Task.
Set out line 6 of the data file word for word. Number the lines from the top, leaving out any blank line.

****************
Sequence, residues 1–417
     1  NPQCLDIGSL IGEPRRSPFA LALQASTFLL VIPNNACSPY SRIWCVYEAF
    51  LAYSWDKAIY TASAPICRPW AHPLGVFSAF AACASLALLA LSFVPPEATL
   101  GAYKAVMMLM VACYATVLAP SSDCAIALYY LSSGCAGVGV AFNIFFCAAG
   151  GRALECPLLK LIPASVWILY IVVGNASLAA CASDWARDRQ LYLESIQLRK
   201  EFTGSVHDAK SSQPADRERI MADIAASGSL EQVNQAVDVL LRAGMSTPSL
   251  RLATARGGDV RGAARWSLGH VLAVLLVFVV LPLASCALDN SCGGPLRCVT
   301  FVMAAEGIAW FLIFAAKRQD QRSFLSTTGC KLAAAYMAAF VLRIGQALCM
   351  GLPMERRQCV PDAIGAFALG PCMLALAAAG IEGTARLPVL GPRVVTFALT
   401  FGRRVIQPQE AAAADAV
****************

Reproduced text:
   201  EFTGSVHDAK SSQPADRERI MADIAASGSL EQVNQAVDVL LRAGMSTPSL